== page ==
##### April 2, 2010

Are you amazed by outrageous statistics, the complexity and vastness of the world and our experience in it?

When I go away and my husband stays here, he collects the *Los Angeles Times* so I can go through them on my return. That’s when I greatly appreciate the journalism style of giving informative titles and subtitles and then presenting the most important information at the beginning of an article. That allows me to go through nine days of several sections as quickly as I can to catch up on the news I missed.

Therefore, when I saw a short article from the “Late Briefing” page from March 23, I was excited to see the title “Airlines improve luggage handling.” Great, I thought, it’s about time! As I read the paragraph, I was thrilled to learn that:

Airlines mishandled 24% fewer bags last year as airports upgraded luggage-processing equipment and passengers either traveled lighter or carried their bags aboard to avoid fees.

The next paragraph was the kicker!

The number of checked bags that were late, misdirected, damaged or lost fell by 7.8 million to 25 million in 2009, SITA, the world’s largest provider of airline computer applications said in a statement.

Do you see what that means? **7,800,000 million bags **ended up where they were supposed to be when they were supposed to be there that would not have be handled correctly if improvements hadn’t been made (or people hadn’t kept their bags with them on the plane). HOWEVER, that still means that **O-N-L-Y 25,000,000 (all those zeros makes that 25 million in case you missed it) were late, misdirected, damaged or lost.** Let’s hope these beautiful pieces of luggage from TrendyHandbags.com aren’t in that pile.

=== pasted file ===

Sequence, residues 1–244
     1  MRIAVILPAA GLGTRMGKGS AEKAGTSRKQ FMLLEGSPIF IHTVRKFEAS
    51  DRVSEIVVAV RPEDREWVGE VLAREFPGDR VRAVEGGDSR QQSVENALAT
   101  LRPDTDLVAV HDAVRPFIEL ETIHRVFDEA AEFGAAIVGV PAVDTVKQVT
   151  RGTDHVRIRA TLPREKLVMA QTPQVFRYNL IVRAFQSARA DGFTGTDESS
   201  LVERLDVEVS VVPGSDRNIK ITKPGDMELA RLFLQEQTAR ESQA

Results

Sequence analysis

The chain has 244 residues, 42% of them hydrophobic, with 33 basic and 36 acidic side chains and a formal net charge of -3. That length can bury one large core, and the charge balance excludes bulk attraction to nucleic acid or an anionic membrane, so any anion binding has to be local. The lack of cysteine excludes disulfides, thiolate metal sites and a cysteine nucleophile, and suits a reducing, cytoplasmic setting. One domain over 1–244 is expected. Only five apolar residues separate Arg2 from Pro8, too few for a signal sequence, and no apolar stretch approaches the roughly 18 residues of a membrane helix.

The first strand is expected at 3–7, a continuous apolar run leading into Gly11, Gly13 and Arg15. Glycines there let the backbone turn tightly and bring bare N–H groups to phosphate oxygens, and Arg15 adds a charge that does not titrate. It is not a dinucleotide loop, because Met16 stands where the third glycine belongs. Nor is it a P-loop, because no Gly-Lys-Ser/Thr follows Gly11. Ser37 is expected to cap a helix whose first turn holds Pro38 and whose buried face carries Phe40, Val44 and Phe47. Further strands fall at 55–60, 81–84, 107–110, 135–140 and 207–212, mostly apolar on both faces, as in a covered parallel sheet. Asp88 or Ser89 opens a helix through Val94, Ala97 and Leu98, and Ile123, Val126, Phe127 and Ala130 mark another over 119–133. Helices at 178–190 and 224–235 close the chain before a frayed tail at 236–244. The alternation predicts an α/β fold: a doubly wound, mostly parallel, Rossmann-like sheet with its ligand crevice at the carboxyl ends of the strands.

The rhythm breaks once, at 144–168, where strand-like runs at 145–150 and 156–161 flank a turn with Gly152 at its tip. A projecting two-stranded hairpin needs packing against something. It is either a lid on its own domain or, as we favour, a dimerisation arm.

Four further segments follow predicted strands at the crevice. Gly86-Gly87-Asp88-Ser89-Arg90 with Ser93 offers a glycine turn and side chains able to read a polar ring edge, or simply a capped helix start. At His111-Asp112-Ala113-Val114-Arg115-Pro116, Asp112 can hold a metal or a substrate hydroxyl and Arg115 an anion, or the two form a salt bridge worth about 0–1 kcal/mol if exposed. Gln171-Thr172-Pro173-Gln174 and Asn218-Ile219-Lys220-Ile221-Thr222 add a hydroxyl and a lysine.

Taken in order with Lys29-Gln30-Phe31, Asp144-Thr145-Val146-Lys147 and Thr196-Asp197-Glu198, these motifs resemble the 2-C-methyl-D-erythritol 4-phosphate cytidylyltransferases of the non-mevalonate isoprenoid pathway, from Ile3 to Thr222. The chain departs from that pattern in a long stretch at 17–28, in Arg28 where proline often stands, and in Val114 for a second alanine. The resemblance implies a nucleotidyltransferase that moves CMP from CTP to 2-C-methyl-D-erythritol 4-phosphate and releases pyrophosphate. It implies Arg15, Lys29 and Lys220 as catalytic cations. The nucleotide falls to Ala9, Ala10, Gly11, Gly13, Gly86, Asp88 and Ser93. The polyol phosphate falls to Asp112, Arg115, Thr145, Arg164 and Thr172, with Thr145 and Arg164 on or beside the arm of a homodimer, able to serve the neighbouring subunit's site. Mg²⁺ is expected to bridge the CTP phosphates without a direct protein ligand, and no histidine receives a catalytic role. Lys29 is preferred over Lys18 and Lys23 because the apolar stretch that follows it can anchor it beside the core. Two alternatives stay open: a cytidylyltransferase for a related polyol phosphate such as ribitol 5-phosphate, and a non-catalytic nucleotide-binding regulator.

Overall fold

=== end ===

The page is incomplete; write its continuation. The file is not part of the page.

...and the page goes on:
Incidentally, the paper did say that, “The single most important thing that passengers can do to avoid their bag being mishandled is to leave sufficient time between connecting flights.” And how often are passengers told there will be plenty of time between flights?

In any case, this is what I call a statistic that boggles the mind.

I had assumed that a 24% improvement would equal something like 25 thousand bags that had not been handled correctly. It’s a big world and some bags are likely to get lost in the shuffle. But I have a hard time picturing 25 million. It’s a little like trying to get my mind around a statement by CNN on Oct. 15, 2009, that in the third quarter last year 937,840 homes received a foreclosure letter. That sounds like an **awfully lot of homes**.

Guess that’s why I love these kinds of statistics. They give me a perspective on the vastness of life in all its complexity, which is why I like to read the TIME magazine section of “Numbers.” The March 15, 2010, issue pointed out that **1.26 microseconds** is the “time that **each day has been shortened** as a result of Chile’s earthquake, which shifted the earth’s axis about 3 inches.”